''Michael had a tremendous day,'' Schottenheimer said. ''His production was a very significant part of what we were able to do. But we're not going to run out there and say, 'We've got to throw him eight to 10 balls.' Whatever unfolds unfolds. We'll continue to run the offense and get the ball to the guys that the reads and patterns dictate.''
Perhaps quarterback Kent Graham's presence made a difference.
''He's always said when he gets into the game he can't wait to throw the ball to me,'' Westbrook said. ''I didn't believe him. But he was true to his word. He was looking for me. He knew what I was capable of, and he came in and made it happen.''
Most likely Westbrook's big day was a result of Denver's coverage scheme. The Broncos stacked the line of scrimmage with eight and sometimes nine defenders, leaving the corners in man coverage. That enabled Graham to do less reading of coverages and zip short passes.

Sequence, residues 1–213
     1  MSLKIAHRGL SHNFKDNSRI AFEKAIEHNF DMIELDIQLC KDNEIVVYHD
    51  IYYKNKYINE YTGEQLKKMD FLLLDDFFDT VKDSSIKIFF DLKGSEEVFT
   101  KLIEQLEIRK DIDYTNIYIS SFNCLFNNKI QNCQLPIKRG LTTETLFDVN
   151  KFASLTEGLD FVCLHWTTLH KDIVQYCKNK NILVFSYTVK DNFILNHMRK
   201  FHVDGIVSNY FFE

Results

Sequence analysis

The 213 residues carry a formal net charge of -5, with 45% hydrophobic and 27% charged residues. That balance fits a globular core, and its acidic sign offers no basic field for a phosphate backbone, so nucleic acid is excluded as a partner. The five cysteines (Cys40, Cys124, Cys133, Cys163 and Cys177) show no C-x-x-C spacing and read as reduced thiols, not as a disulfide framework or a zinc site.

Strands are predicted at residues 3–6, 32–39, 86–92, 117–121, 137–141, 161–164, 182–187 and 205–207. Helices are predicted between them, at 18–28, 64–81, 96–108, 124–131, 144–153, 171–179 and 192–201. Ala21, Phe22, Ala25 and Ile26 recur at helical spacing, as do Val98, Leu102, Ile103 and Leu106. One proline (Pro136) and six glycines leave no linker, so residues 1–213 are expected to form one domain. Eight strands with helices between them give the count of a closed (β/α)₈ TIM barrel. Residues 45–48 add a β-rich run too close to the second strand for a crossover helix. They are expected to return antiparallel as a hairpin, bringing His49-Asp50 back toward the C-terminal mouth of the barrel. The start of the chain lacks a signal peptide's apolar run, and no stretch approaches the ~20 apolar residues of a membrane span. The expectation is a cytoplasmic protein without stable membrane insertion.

In the first half, the Broncos tried to send one more man than Washington had blockers, leading to pressure and unblocked blitzers. But, after halftime, the Redskins went to three-step drops to compensate.
''They were blitzing, leaving their DB's in man-to-man with us,'' Westbrook said. ''It was kind of an insult. We still get no respect, even after the teams we've beaten. They just lined up and said, 'Let's see, mano-to-mano, who's best.' ''
Because of the pressure, the Redskins used Graham on short rollouts, with receivers running hitches and comeback routes. The two hooked up at opportune times. On the two touchdown drives, Westbrook caught a combined five passes for 65 yards and drew a pass interference penalty.
''Michael was open,'' Graham said. ''I don't know if I was trying to go to him. I was just flying by the seat of my pants back there. I wasn't just trying to go to Michael, but he was running good, hard routes.''
John Keim covers the Redskins for The Journal Newspapers.